Religion, The Church, and Sexual Abuse

February 21, 2016

I just finished reading another article about a sexual abuse scandal in the church. It was difficult to read. There were stories about church leaders who (a) covered up sexual abuse, (b) pressured victims and their families to forgive the abusers and not go to the authorities, and (c) shamed the victims when they did eventually speak out.

As I read the story, I felt angry. This was an injustice and it should not have happened. Some of the things that were discussed in the article, I could hardly believe. It seemed crazy that the church leaders who were involved in the scandal thought their course of action was correct.

I also felt a great deal of sadness as I read the article. I was sad about what happened to the victims, and what they had to go through. I also felt sad about how the abuse affected the victim’s relationship with God. How are you supposed to believe God loves you, or that God is safe, when your experience of God’s ‘representative’ is one of abuse and shame?

As I read the story, I started to think about the relationships between religion, the church, and sexual abuse. We hear about a lot of sexual abuse scandals in the church. Could it be that there is something about the structures of some religious traditions and churches that make sexual abuse (and its cover up) more likely to occur? Here are 4 characteristics that intersect to make it difficult for some churches to prevent and stop sexual abuse.

  1. Many religious traditions have very strict views on sexuality. Many churches promote moral teachings on sexuality that are strict, idealistic, and difficult (if not impossible) to follow. For example, many religious perspectives permit sex only within a heterosexual marriage. Individuals who identify as lesbian or gay, or who are unmarried, are expected to be abstinent. Some religious traditions also frown on other types of sexual expression such as masturbation. Some churches don’t allow their religious leaders to marry and have sex. I wonder if the overly strict views on sexuality actually make other types of sexual acts more likely to occur. There isn’t an acceptable avenue for one’s sexual energy, so it comes out sideways. It’s like trying to hold a beach ball under the water.
  2. Many religious individuals have a strong need to be morally perfect (and hide when they are not). Many churches teach that you are saved by grace (not by your own works), but once you are saved, it is expected that God will begin a process of sanctification in you, resulting in less sinful behavior and increasingly moral behavior over time. There is a lot of pressure to appear like you are growing and getting better in your walk with God, which should result in higher standards of moral behavior. Sexual acting out is frowned upon and judged harshly. If individuals are struggling with the sexual part of their lives, they may be more likely to hide it in order to keep up the facade of moral perfection. Sexual abuse is so shaming that it may be difficult for perpetrators to come clean about their behavior, or for victims to report the truth about what happened.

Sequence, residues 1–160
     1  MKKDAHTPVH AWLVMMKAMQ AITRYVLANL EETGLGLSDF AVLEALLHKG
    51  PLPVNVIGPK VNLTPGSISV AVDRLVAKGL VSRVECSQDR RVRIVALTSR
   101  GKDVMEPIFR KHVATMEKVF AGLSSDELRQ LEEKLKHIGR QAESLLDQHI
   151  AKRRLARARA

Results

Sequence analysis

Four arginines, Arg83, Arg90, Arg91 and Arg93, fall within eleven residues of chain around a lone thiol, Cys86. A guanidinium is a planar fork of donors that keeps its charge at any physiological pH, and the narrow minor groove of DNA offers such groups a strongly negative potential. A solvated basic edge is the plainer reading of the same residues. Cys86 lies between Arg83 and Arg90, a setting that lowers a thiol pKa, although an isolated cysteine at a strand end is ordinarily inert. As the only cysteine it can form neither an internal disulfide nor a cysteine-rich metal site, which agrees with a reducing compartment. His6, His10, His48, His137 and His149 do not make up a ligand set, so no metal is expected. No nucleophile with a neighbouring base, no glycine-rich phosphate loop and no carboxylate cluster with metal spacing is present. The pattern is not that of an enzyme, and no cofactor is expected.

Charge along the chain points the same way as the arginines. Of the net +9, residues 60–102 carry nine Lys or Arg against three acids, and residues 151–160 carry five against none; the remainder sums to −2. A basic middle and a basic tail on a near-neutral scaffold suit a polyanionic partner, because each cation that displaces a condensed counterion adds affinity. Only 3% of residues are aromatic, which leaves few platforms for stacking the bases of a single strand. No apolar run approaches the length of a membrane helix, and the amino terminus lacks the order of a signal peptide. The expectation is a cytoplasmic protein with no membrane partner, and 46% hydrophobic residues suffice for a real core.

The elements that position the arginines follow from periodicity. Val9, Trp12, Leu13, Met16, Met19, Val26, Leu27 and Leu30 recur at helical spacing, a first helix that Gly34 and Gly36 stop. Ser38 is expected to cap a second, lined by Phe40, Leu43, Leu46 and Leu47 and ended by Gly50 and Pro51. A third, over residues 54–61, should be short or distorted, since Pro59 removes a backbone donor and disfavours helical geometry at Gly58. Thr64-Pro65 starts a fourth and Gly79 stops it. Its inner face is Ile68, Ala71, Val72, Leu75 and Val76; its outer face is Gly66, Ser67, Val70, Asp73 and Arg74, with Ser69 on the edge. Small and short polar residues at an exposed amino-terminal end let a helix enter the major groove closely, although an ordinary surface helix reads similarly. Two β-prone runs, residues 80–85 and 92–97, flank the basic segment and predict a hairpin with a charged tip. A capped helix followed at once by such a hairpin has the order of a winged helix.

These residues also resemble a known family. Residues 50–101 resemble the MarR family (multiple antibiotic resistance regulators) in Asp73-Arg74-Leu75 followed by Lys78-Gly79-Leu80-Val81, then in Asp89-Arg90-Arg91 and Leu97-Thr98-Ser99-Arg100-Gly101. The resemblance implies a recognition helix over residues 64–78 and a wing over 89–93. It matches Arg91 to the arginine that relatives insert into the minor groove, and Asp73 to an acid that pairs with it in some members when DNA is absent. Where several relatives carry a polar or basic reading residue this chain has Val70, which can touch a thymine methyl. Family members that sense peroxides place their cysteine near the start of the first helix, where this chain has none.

3. Many religious traditions have strong views of patriarchy that don’t allow the voices of women and children to be heard. Many religious traditions teach that women and children should submit to male authority. In many church scandals of sexual abuse, the perpetrators (as well as the people making decisions about what to do about the allegations) are male. The perspectives of women and children (including the victims) are not given as much weight as the perspectives of men. We need to do a better job of prioritizing the voices of women and children, and giving them a seat at the decision-making table.
  4. Many religious traditions have a strong desire to ‘police themselves’ and avoid the outside influence of mental health professionals, and law enforcement. Many churches don’t like the outside world telling them how to run their business. The separation of church and state is viewed to be very important. There are verses in the Bible that talk about the importance of resolving conflict between church members internally, and not bringing each other to court. But when these verses are applied to issues of sexual abuse, it’s a terrible tragedy and likely creates a second trauma for the victims. Churches need to work together with mental health professionals and law enforcement to ensure that proper precautions are in place to prevent and stop sexual abuse. The days of churches operating independently on this issue needs to be over.

Discussion: What do you think about the four characteristics of religion and church that make it difficult to prevent and stop sexual abuse? What could we do to move forward in this area?


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  1. Mary DeMuth February 22, 2016 at 7:52 pm - Reply

    I resonate with the “policing themselves” point. It’s really sad that the church forgoes the legal system to “handle” sexual abuse cases. They need to remember this important truth: sexual abuse is against the law.

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